The plaintiff here moves under Rule 4:23-8 to strike out numerous interrogatories propounded by the defendants. The primary suit is one alleging, inter alia , fraud, and the defendants herein seek to elicit, by these interrogatories, the particulars thereof.
These interrogatories are all more or less in the same form. Basically, each reads as follows:
"Set forth all the facts, details and particulars upon which you base your claim as stated in paragraph 2 of your complaint, and on which you will rely at the trial that * * *" (Italics supplied).
The italicized portion is that to which particular objection is made.
The purported purpose of that portion of the questions to which objection was made, was to require plaintiff to advise of any facts, details and particulars as might come to its attention subsequent to the filing of the answers to interrogatories.
The defendants argue that although Rule 4:23-12 apparently requires the interrogated party to disgorge such subsequently discovered evidence, the language employed in Atlantic Northern Airlines, Inc. v. Schwimmer , 12 N.J. 293
(Sup. Ct. 1953), makes it questionable whether such result would follow unless the adversary were fairly apprised of such intention in the original interrogatory. The court there said as follows:
"Error is also assigned upon the admission of evidence at defendant's instance from four witnesses not named in response to a demand by plaintiff purportedly made under Rule 3:26-2, now superseded by Rule 3:16-2, providing for the disclosure of 'the identity and location of persons having knowledge of relevant facts.'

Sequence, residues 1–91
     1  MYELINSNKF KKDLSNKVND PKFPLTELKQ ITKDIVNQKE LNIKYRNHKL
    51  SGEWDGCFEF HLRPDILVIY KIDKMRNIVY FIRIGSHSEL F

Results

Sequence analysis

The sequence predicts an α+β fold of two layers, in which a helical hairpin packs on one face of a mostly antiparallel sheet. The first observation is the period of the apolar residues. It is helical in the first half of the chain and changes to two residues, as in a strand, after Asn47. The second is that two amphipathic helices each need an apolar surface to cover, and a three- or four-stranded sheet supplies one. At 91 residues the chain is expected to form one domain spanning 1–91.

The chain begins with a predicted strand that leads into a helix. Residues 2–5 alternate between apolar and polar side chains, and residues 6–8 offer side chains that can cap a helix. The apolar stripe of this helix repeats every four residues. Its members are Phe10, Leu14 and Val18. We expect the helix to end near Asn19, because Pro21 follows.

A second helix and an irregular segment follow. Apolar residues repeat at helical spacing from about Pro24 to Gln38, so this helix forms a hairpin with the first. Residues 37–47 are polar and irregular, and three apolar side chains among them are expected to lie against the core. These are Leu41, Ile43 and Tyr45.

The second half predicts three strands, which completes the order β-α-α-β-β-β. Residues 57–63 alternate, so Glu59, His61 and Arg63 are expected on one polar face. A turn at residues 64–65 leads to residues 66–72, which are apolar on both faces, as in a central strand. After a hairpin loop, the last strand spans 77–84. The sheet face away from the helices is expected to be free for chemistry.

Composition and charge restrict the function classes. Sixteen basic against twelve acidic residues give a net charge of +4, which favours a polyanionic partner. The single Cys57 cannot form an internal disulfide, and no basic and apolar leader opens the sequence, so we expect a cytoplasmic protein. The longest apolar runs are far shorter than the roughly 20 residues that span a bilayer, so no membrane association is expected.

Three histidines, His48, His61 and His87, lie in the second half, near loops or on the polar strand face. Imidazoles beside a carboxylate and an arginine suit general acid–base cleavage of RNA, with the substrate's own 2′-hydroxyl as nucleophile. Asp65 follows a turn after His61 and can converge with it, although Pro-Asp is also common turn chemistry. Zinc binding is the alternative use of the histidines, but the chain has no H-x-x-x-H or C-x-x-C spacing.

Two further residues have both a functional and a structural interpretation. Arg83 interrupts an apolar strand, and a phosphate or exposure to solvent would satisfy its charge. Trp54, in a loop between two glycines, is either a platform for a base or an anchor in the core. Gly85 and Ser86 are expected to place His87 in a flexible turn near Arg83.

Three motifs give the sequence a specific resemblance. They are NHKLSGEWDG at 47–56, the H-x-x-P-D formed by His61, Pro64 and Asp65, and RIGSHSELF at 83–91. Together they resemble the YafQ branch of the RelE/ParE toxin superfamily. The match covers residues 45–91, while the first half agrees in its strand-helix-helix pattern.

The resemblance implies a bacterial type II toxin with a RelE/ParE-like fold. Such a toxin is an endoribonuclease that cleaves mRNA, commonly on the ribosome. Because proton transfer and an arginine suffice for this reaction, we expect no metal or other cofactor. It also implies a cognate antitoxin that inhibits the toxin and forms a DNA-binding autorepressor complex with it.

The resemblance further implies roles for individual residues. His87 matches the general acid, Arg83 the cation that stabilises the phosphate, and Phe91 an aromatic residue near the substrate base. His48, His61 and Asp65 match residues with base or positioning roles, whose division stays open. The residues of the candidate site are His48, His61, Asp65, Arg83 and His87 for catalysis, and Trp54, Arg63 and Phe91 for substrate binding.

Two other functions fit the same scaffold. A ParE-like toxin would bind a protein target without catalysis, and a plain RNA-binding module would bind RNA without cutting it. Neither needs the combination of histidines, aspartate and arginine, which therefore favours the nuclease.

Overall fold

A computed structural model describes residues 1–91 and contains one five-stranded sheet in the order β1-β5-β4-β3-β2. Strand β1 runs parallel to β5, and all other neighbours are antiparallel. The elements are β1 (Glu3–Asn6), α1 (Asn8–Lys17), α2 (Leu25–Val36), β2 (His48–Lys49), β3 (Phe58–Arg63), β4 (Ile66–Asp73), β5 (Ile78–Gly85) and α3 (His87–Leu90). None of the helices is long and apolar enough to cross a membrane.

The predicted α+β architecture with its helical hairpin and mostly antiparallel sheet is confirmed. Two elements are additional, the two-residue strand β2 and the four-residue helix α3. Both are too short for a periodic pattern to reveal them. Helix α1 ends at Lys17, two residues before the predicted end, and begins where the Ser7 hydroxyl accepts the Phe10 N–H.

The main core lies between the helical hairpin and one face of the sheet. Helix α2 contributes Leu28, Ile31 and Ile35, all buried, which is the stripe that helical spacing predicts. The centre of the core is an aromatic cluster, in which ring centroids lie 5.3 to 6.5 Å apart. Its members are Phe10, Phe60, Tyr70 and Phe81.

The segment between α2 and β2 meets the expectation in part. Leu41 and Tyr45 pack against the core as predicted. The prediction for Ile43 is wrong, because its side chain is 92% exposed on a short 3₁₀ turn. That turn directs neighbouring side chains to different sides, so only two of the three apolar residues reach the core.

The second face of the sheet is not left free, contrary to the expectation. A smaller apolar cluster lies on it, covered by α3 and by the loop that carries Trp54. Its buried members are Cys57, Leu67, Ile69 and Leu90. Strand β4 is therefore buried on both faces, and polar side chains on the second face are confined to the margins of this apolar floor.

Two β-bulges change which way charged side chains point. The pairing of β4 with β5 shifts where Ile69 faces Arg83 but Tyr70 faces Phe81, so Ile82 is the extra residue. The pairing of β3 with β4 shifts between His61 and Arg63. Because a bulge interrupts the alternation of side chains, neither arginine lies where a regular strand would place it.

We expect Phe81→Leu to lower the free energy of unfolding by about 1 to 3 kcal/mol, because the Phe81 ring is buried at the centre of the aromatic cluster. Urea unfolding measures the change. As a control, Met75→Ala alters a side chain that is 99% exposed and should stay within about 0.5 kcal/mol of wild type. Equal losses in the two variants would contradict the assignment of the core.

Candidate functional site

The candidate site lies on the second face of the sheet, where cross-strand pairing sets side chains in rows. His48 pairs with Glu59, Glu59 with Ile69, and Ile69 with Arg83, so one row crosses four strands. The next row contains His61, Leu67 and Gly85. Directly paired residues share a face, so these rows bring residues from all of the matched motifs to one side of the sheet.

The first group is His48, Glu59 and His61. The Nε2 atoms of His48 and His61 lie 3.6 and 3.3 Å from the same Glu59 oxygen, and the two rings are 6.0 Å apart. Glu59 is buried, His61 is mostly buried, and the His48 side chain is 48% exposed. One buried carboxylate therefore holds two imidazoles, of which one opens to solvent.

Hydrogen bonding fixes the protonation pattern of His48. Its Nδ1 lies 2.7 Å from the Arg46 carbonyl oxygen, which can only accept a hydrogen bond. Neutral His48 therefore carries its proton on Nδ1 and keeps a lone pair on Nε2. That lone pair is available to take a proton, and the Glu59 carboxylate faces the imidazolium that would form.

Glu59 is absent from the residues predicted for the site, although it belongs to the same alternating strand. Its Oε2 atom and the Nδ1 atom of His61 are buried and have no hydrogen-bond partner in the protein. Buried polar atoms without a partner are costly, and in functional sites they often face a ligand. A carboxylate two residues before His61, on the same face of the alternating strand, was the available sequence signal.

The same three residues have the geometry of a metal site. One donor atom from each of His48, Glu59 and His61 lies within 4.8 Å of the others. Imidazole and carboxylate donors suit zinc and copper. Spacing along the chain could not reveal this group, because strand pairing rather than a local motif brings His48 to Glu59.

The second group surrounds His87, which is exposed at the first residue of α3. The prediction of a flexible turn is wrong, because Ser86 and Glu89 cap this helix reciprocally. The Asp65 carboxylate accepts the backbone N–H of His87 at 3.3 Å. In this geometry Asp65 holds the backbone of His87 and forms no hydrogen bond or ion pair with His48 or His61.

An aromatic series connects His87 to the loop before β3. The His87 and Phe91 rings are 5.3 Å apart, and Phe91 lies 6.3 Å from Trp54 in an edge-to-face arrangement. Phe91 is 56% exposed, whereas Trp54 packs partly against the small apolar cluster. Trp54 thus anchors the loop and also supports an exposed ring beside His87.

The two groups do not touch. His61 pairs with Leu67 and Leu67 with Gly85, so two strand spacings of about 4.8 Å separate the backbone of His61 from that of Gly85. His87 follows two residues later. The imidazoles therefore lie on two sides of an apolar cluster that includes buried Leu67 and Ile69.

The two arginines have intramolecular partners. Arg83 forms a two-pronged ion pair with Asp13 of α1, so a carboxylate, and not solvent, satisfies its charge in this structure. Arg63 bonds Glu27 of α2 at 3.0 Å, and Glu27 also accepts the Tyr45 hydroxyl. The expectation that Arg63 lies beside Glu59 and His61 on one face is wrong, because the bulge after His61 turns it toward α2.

It would seem that a demand couched in these terms would not, without more, call for the identification of witnesses upon whom the adversary party intends to rely on the trial, under pain of a loss of their testimony. Vide Frankel v. Sussex Poultry Co. , 6 Terry 264, 45 Del. 264, 71 A. 2 d 754 (Super. Ct. 1950); and the interpretation of comparable federal rules in Fidelis Fisheries, Inc. v. Thorden , 12 F.R.D. 179 (D.C.N.Y. 1952), and in McNamara v. Erschen , 8 F.R.D. 427 (D.C. Del. 1948). Compare Evtush v. The Hudson Bus Transportation Co. , 7 N.J. 167, 27 A.L.R. 2 d 731 (1951). There, inquiry was made for the names of then known 'eyewitnesses' to an accident; and the response was false. Here, the question was: 'What other witnesses do you intend to produce?' and the answer was: 'There may be others, but I don't have knowledge of them at this moment, the reason being I have been quite detached from this thing. I have been chasing around, and been quite busy, and gave no attention or time to this at all.'
It is not suggested that there was a design to mislead. The answer indicated a disclosure of the witnesses whom defendant then intended to call to the stand; and subsequent interrogation and a colloquy between counsel made it plain that the particular answer was not to be deemed a bar to 'witnesses that might be discovered at a subsequent date.' Mala fides is not shown nor charged. It was not to be expected that defendant had then made full preparation for trial and was aware of the witnesses he would need in defense; nor was he under any obligation to be so advised at that stage of the proceedings. And the testimony in defense would in substantial measure depend upon the case made by ...